This is a part of the Hot Topic podcast series from the Model Systems Knowledge Translation Center on Changes in Memory After TBI. Dr. Angelle Sander discusses Importance of Family Support with Memory Strategies.
After a traumatic brain injury, when someone is learning to use a memory strategy, they often need the support of family members and friends initially. This is because memory problems make it difficult for them to learn to use the strategy. So oftentimes, family members or friends will be needed to prompt them to use the strategy.
For example, if someone has a memory notebook, they'll often forget to use it if someone doesn't remind them. So initially, family members can remind them to write important appointments in the memory notebook and to review it throughout the day.
So whether transportation needs to be arranged or whether they need to, if they're going to a doctor's appointment, come up with some questions that they want to ask the doctor or symptoms that they have that they want to tell the doctor about and write those in the memory notebook, and then look at it at regular times throughout the day.
And initially, family members may need to prompt them to do that. It's also important if you're a family member or friend of a person with a brain injury to not just always give them the information when they ask. So for example, if they say, when's my next neurology appointment, rather than saying, it's on June 15th, say, how can you find that out?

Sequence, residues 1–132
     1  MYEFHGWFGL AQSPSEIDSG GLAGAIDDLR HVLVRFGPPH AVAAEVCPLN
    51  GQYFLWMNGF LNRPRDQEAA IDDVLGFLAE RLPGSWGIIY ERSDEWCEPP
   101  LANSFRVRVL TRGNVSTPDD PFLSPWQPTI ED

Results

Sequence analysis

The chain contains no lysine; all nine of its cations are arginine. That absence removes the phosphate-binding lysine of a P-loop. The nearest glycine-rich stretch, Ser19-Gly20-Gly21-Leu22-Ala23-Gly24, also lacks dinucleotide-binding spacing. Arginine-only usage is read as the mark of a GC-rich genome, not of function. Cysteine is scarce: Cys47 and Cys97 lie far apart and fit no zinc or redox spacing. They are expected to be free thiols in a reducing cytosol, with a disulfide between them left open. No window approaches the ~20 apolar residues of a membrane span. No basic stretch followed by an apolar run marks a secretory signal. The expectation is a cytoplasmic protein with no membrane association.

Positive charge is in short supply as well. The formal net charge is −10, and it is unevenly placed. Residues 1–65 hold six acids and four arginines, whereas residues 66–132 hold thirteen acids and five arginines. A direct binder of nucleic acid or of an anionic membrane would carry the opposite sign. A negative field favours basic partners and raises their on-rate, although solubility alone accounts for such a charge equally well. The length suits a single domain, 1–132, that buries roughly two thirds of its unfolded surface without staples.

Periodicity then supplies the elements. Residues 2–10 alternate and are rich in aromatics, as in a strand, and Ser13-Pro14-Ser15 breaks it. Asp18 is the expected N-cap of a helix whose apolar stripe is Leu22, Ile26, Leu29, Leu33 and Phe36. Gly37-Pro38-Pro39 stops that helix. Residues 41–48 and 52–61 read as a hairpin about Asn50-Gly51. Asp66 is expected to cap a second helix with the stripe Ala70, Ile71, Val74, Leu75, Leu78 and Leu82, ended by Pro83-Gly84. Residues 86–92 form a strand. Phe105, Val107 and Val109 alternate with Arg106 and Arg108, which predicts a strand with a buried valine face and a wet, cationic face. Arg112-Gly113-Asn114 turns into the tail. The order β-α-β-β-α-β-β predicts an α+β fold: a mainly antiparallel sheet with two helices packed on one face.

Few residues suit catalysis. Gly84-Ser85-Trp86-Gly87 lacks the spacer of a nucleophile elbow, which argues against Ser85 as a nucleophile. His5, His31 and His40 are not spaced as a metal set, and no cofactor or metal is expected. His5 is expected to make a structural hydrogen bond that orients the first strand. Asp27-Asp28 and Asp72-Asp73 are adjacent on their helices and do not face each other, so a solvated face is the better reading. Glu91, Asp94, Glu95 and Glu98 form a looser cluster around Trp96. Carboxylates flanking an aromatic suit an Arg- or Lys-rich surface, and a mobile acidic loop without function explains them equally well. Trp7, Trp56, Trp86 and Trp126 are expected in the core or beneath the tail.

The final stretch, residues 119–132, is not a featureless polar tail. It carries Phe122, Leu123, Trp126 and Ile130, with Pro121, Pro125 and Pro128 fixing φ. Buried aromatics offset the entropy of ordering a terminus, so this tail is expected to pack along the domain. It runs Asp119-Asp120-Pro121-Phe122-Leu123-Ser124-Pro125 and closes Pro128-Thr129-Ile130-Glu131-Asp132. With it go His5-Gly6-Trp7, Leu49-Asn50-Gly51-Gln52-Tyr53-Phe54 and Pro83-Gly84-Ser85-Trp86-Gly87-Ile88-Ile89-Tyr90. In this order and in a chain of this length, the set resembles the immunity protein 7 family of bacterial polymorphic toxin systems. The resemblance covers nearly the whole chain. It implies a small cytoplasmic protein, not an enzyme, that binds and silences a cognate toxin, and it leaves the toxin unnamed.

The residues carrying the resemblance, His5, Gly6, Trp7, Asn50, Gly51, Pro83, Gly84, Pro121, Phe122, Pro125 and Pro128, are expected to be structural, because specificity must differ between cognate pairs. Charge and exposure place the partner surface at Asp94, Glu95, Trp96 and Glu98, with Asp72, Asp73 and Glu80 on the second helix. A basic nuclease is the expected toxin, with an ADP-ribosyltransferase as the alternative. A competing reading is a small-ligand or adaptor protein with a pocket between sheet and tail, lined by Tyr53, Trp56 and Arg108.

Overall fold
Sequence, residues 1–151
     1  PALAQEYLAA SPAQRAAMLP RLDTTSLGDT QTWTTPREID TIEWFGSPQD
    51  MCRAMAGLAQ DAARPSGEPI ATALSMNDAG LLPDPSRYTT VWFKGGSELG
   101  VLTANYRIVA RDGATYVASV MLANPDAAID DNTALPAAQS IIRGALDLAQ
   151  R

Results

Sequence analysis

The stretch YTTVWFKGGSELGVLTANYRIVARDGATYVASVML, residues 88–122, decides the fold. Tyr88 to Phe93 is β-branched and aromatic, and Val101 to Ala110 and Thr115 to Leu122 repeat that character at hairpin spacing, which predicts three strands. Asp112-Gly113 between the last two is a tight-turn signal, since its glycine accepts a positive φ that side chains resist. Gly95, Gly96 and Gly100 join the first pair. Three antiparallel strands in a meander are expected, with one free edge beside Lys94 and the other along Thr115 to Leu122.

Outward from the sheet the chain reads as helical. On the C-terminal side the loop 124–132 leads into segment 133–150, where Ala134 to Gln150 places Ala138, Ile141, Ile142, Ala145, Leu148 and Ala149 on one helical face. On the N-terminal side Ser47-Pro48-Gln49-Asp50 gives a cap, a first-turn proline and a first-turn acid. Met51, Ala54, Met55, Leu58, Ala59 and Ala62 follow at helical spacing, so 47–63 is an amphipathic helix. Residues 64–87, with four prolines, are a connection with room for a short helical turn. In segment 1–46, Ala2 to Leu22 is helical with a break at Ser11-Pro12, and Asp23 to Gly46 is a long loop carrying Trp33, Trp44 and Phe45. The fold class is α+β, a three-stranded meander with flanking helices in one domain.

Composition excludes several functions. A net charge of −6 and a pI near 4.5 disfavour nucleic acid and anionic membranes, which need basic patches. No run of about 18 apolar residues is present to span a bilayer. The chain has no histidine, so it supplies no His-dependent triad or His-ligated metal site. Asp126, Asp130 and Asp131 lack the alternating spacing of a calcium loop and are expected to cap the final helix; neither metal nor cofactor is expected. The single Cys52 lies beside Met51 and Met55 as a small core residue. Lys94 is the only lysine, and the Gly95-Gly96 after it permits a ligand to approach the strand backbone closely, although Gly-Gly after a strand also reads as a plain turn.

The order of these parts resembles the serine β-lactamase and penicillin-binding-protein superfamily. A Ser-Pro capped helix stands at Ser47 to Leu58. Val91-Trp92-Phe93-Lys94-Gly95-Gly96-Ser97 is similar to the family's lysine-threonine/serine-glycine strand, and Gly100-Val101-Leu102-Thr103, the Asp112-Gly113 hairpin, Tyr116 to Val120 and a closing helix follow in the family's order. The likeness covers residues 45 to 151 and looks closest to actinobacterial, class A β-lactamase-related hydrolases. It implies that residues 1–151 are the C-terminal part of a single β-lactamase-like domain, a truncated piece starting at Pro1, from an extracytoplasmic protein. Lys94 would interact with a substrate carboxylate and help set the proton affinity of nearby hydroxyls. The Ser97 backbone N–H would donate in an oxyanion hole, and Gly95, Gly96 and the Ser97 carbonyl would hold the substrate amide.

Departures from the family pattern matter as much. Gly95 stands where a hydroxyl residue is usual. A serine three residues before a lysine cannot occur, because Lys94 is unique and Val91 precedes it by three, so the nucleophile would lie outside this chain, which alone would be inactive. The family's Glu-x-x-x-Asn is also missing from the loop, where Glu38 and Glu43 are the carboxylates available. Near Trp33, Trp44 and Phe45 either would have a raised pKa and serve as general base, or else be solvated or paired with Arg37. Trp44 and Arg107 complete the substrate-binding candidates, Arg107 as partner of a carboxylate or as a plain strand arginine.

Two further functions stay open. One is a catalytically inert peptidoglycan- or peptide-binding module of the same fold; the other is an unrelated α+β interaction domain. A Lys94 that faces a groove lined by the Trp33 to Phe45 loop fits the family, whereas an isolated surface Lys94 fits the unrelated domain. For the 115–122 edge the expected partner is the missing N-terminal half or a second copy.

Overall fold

Look in your memory notebook. Where would you look to find that? With repetition, people will learn to use those strategies independently, and they'll know where to look and know when to look for the information that they need. But initially, they may need help doing that, and that help can gradually be weaned over time as they learn to use it on their own.
Allison N. Clark, Ph.D.: So another thing is when working with our, these persons who have survived these traumatic brain injuries and also their families is that everyone is on the same page when it comes to these compensatory memory strategies. Because sometimes again if family is doing something different than the person with injury is doing that can cause a breakdown in the strategy. So I know we talked about how a failure gives us important information, that we learn from our failures.
So for example if one, if the goal was to remember where you put the remote control for the TV set and you know the strategy is to always put the remote control in a special little glass bowl that’s on a side table, it’s important that everybody in the family is doing that because otherwise the strategy is not going to break down, is going to break down. So sometimes the, what we learn from these failures is that sometimes it’s not the patient that’s having the problem but maybe the mother or the dad forgot.
And that they need reminding to always put this back in the same place, again so the person with the injury can find it.
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